Why This Man is Leaving the United Nations

What do you do when the organization whose mission and values you deeply believed in once is starting to fail? What do you do when multitudes are looking up to you for the much coveted positions you’ve held at the organization and yet you find yourself disillusioned by the way the organization now functions? Do you stick with the organization because everyone else would see your leaving as a waste of a good opportunity? Do you just put up with what doesn’t quite align with your values because of all the work, energy, effort, and time you’ve put into it so far?

… or, do you leave the system as a whole to express your defiant stance on the issue and let the world know how the system is not the way it used to be (or the way it looks to those who look at it from outside only)?

That’s exactly what Anthony Banbury did after working for the organization of his choice for the last 30 years.

Now, granted this is not the first time where a disillusioned, defiant UN worker has left the organization to make his stance clear, what struck me most powerfully about his statement in the NY Times article is the striking similarity I saw between the problems of the UN that Banbury pointed out in his article and some of the issues I am seeing in the church today globally:

The bureaucracy needs to work for the missions; not the other way around. The starting point should be the overhaul of our personnel system. We need an outside panel to examine the system and recommend changes. Second, all administrative expenses should be capped at a fixed percentage of operations costs. Third, decisions on budget allocations should be removed from the Department of Management and placed in the hands of an independent controller reporting to the secretary general. Finally, we need rigorous performance audits of all parts of headquarters operations.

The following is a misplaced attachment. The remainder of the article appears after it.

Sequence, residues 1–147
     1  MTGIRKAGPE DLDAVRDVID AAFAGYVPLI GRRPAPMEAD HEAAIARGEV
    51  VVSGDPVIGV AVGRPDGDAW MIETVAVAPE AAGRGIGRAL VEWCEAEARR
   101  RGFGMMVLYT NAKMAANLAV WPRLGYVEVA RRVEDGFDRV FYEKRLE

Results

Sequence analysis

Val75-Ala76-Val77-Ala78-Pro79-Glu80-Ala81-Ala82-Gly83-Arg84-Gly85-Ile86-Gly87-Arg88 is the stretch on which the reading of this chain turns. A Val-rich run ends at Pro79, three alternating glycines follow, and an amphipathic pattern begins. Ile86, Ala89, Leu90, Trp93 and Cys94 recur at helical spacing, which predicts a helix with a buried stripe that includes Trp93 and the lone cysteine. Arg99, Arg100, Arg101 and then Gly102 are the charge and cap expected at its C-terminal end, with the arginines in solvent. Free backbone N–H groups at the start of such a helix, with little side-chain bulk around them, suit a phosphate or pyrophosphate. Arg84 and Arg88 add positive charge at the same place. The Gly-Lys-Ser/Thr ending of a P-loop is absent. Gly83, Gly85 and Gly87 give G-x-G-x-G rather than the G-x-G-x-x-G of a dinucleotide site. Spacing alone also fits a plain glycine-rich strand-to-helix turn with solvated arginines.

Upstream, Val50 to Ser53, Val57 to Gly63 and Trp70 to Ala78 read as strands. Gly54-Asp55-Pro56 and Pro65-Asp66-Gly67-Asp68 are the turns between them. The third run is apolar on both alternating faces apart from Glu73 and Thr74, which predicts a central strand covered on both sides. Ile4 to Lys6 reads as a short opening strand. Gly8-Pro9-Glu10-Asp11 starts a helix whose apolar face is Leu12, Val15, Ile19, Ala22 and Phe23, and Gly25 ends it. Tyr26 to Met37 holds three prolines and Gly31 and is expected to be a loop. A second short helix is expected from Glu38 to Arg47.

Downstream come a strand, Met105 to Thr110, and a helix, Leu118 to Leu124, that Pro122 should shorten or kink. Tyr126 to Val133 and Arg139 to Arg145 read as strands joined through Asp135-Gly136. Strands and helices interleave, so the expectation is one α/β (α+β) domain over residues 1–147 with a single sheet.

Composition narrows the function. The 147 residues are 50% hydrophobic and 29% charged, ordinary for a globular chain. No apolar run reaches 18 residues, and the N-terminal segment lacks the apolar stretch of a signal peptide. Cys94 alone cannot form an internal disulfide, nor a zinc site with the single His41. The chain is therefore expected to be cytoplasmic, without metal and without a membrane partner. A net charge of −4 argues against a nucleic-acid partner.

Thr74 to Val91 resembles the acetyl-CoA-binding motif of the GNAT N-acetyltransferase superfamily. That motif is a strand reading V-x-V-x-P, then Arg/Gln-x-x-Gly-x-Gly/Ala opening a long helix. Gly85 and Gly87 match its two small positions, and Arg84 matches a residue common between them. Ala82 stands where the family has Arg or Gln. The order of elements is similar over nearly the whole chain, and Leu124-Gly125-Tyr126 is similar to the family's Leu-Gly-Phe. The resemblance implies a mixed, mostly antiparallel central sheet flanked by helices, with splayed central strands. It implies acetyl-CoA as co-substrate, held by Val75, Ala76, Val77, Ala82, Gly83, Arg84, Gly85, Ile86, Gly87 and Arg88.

(See full posting via the NY Times here.)

Is the global Church system of organized Christian religions suffering from not being able to discern which of the two must exist for the other — the missions for the bureaucracy, or the bureaucracy for the missions? I’d say a loud yes in a heartbeat.

In a piece titled “Why Denominations Cannot Complete the Great Commission,” David Watson writes:

The denominational education and indoctrination processes make it impossible to fulfill the Great Commission. We have come a long way from First Century illiterate fishermen entering new people groups, nations, and cities and starting a church within months and then moving on. With the loss of simplicity we lost the ability to replicate leaders quickly and move through people groups efficiently. By over training and over managing new believers we stop the process of replication that could reach a nation and a world.

Now, the Church, let us ask ourselves again and be honest about it:

Is it the bureaucracy (read: denominations) for the missions? Or the missions for the bureaucracy (again read: denominations)?

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